Thirty years ago, a progressive rock band called The Yellow Kings began recording what would become their first and final album. Titled The Final Reconciliation, the album was expected to usher in a new renaissance of heavy metal, but it was shelved following a tragic concert that left all but one dead.
The sole survivor of that horrific incident was the band's lead guitarist, Aidan Cross, who's kept silent about the circumstances leading up to that ill-fated performance - until now.
For the first time since the tragedy, Aidan has granted an exclusive interview to finally put rumors to rest and address a question that has haunted the music industry for decades: What happened to The Yellow Kings?
The answer will terrify you.
Inspired by The King in Yellow mythos first established by Robert W. Chambers, and reminiscent of cosmic horror by H. P. Lovecraft, Laird Barron, and John Langan, comes The Final Reconciliation - a chilling tale of regret, the occult, and heavy metal by Todd Keisling.
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A story inspired in the works of H.P. Lovecraft
I have received this book in audio format from the narrator in exchange for an honest review.
The Yellow Kings was a rock back which tried their fortune thirty years ago. Their last performance was a concert in which the band was going to play the songs for the next album "Final Reconciliation", an album which never saw the light, because everybody but one person died during the concert that day. Mystery and horror surrounded that fatidic day, and now thirty years later, Aidan Cross, the band's lead guitarist and only survivor will give an interview and tell all the truth about it.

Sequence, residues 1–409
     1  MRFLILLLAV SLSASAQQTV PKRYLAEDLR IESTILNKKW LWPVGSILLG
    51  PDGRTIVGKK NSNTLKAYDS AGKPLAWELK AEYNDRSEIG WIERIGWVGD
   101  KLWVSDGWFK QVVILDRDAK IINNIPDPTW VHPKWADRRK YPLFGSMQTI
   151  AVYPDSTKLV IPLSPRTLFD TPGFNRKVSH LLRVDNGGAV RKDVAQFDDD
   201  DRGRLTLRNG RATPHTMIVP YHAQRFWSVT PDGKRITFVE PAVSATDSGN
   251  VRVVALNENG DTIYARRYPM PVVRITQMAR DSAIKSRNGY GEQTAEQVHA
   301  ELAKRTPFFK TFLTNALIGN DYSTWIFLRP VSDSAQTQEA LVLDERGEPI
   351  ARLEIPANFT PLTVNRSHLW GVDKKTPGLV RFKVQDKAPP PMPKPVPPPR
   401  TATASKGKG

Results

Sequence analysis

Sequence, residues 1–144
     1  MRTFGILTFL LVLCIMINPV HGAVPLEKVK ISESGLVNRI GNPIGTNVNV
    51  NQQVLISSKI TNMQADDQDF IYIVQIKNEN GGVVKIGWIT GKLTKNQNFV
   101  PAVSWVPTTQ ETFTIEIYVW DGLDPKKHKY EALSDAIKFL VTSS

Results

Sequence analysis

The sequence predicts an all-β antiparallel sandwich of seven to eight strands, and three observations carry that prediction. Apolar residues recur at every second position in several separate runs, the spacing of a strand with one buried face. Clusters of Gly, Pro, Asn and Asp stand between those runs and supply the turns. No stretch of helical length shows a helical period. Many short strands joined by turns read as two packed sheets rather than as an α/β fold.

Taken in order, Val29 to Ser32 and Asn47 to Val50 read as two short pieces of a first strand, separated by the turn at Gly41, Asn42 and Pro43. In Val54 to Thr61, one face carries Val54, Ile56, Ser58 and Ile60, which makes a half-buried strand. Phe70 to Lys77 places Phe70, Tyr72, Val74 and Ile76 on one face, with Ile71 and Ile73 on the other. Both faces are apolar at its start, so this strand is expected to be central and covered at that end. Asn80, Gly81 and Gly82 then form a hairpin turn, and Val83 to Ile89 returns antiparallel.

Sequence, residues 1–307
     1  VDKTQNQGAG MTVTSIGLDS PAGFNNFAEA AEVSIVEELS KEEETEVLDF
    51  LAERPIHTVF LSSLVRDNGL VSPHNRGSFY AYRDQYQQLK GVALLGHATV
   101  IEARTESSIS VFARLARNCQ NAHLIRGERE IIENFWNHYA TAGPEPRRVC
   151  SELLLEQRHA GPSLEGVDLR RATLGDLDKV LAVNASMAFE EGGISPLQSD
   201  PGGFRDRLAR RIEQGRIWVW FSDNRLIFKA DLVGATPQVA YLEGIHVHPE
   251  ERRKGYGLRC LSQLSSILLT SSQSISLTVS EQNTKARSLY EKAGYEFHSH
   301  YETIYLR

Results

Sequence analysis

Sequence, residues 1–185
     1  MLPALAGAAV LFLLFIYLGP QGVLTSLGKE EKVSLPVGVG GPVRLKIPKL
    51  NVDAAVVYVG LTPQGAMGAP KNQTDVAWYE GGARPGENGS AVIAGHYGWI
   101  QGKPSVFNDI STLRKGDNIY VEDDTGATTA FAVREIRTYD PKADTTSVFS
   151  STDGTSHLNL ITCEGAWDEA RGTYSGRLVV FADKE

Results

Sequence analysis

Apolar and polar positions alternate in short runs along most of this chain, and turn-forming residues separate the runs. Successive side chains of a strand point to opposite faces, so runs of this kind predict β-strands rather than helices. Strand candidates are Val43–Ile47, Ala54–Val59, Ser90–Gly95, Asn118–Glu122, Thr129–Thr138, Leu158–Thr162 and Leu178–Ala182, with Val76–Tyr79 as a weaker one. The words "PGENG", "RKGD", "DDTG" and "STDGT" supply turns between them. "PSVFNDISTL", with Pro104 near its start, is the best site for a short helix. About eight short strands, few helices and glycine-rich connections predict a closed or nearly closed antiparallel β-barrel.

The final concert by the band was in LA, referred by Camilla, the band groupie which was their undoing, as Carcosa. The name Carcosa was used for the first time by Ambrose Bierce in his short story 'An Inhabitant of Carcosa', and later on by horror authors like Robert W. Chambers and H.P. Lovecraft. The band's name was borrowed from Chamber's book 'The King in Yellow'.
I have not read anything from Chambers but I know a bit of H.P. Lovecraft and I have to say that this story reminded me a bit of his works. The noir horror in which the most dreaded thing is the one you are still waiting for, where your imagination starts to play tricks and you just do not want to see what it is coming.
I was aware fairly quickly about Camilla's intentions but that did not spoil the gruesome effect Keisling got with the last scene at the concert. The character's were not specially developed, since this is not a long book (just over three hours) but Keisling totally succeeded at creating an absorbent atmosphere drawing the reader in to the terrible end.
I would like to make a comment though about something mentioned in the book. Camilla's eyes were different colors, and it is compared to David Bowie's eyes. Contrary to what many people think, Bowies eyes were the same color. What he had was a paralyzed pupil due to a fight with George Underwood when he was fifteen. Just a side note.
Joe Hempel did a wonderful job narrating this book, using a raged tone of voice to narrate the story from old Adam's point of view, transmitting the emotion in the old man's words, and the horror and guilt that have chased him for thirty years. Hempel is a top notch narrator, not only able to deliver different voices for all the characters, but also to provide an extra dimension to the story, multiplying the emotions the writer has put into the text.
This story coupled with Hempel makes a five star audiobook, something that any H.P. Lovecraft fan would enjoy for sure.
One roadie to rule them all.